Seligman History - The Railroad
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Seligman owes its inception and
name to the railroad that runs
through it.  The reason for the
placement of the railroad goes back
to the late 1850s.   This is when a
man and his camels originally forged
the route that travelers take through
Northern Arizona today.  Lt. “Ned”
Beale surveyed along the35th
parallel attempting to find the best
transportation course through the
arid lands of the Southwest.  
Camels were used to combat the
problems of traveling in the desert.
The Beale Trail ran close to where
the town of Seligman is today.
Houses were brought in and built for the railroad
workers based in the town.  Seligman was also a
regular layover for railroad laborers working on
the trains between Winslow, Arizona and
Needles, California.  Many residents of
Seligman built small rooming houses in their
backyards that helped temporarily house these
railroad workers traveling along the line.  Some
of these “cottages” are still in many backyards
today being used as storage sheds.
As more and more people started traveling out west Fred Harvey, with his agreement with Atchison, Topeka,
and Santa Fe Railroad, decided to put one of his restaurant and hotels at the Seligman train depot.  The
“Havasu” Harvey House opened around 1905 and significantly changed the face of the town.  The Havasu
and the accompanying Santa Fe Depot and Reading Room gave the small town made up railroad laborers an
upscale train depot, a grand hotel, and fine dining restaurant.  Trains such as the El Capitan, San Francisco
Chief, Southwest Limited, and Super Chief stopped in Seligman with passengers either staying at the hotel or
just stopping for a meal at the restaurant.
With the invention of the automobile and the arrival of highways, including Route 66 constructed along the
railroad tracks in Seligman, travelers used trains less and less.  In 1971 Amtrak took over the nationwide
passenger train services in an effort to modernize train travel.  Although Amtrak passenger trains still run
right through town they have not stopped in Seligman since 1984.  Two passenger trains currently run
through Seligman daily, one eastbound and one westbound.  The closest depots to board these trains are in
Kingman, Williams, or Flagstaff.
Currently the train tracks in Seligman are constantly in use with freight trains.  The Burlington Northern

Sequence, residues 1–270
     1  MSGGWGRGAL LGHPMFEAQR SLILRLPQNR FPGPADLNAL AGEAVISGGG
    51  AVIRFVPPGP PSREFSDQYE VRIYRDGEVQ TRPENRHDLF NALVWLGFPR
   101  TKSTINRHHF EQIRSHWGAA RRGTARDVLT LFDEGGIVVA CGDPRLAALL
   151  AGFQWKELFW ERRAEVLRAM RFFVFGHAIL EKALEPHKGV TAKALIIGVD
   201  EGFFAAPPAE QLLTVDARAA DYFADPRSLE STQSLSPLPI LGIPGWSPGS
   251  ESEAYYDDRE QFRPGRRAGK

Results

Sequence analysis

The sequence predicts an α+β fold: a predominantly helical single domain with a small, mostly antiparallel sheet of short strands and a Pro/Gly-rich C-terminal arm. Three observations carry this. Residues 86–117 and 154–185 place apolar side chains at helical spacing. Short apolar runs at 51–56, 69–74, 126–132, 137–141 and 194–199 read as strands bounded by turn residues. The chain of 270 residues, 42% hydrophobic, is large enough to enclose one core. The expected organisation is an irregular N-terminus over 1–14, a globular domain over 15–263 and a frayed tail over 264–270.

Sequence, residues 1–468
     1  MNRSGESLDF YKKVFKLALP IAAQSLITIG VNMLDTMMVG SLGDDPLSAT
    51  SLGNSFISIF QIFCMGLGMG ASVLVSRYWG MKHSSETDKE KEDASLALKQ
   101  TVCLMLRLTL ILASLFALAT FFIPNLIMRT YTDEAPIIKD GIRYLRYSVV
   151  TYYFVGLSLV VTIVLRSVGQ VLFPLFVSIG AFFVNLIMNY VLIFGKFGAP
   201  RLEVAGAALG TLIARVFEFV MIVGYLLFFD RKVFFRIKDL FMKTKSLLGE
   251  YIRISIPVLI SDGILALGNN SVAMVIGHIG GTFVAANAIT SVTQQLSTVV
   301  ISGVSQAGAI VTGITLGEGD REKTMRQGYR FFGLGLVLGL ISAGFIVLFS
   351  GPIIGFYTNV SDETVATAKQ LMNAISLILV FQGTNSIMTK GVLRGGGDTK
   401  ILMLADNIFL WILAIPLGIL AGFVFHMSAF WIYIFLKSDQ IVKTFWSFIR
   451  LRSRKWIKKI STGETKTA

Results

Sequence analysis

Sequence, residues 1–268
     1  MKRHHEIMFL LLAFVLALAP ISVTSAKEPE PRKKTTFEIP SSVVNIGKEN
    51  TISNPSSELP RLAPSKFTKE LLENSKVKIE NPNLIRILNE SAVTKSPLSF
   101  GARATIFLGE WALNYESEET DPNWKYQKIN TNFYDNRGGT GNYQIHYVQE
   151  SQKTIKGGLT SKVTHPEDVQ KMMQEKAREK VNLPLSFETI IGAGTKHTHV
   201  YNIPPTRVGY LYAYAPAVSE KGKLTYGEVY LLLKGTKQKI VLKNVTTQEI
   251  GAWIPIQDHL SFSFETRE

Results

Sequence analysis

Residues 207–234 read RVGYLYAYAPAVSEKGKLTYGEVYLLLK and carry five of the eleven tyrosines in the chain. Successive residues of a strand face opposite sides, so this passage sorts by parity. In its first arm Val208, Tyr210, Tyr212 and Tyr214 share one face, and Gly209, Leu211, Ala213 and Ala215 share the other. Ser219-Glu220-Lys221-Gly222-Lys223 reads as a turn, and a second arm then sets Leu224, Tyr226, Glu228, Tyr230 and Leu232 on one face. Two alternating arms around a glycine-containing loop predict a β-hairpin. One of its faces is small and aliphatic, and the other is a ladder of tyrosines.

Santa Fe (BNSF) Railway was created when the long standing Santa Fe Railway merged with Burlington
Northern in the 1996.  The sight and sound of passing trains is still very much a part of Seligman today as it
was when Seligman was founded over 120 years ago.
One of many backyard rustic rooming houses built for traveling railroad laborers.
Seligman Arizona Train Station circa 1916
In 1866 the Atlantic Pacific Railroad obtained the right to build along the 35th parallel from Albuquerque to
California.  Due to Lt. Beale’s efforts this was already known to be a fairly decent travel route.  The St.
Louis and San Francisco Railroad, which owned the majority of Atlantic Pacific stock made an agreement
with the Atchison, Topeka, and Santa Fe Railroad, also known as “Santa Fe”, to build the railroad through
Arizona.
Construction of railroad lines did not start in Arizona until the 1880s and presented problems due to rocky
ground, large washes, and lack of water and workers.  But through much hard work by many laborers the
railroad through Arizona reached Flagstaff by 1881, Seligman by 1882, and crossed the Colorado River in
August of 1883.
Originally Seligman was called “Prescott Junction” because it was the railroad stop on the mainline with the
feeder line running to Prescott.  Santa Fe placed depots approximately every 20 miles and at this time the
depots from Flagstaff to Kingman were: Flagstaff, Bellemont, Chalender, Williams, Ash Fork, Seligman,
Crookston, Prescott Junction, Chino, Yampai, Peach Springs, Truxton, Hualapai, and Kingman.  The feeder
line from Prescott Junction to Prescott proved inefficient and was soon replaced by a line running from Ash
Fork to Prescott.  Since the name “Prescott Junction” no longer fit the mainline stop the name of Seligman
was bestowed upon the budding town.  In 1886, Seligman was named after Jesse Seligman, one of the
founders of J.W. Seligman Co. of New York, who helped finance the railroad lines in the area.  Seligman lost
its place as the Junction to Prescott but because of its abundance of easily traversable flat land it became a
large switching yard consisting of many tracks and served as a large livestock shipping center.
Image Courtesy of Cline Library, Northern Arizona University
Santa Fe Station, Seligman circa 1916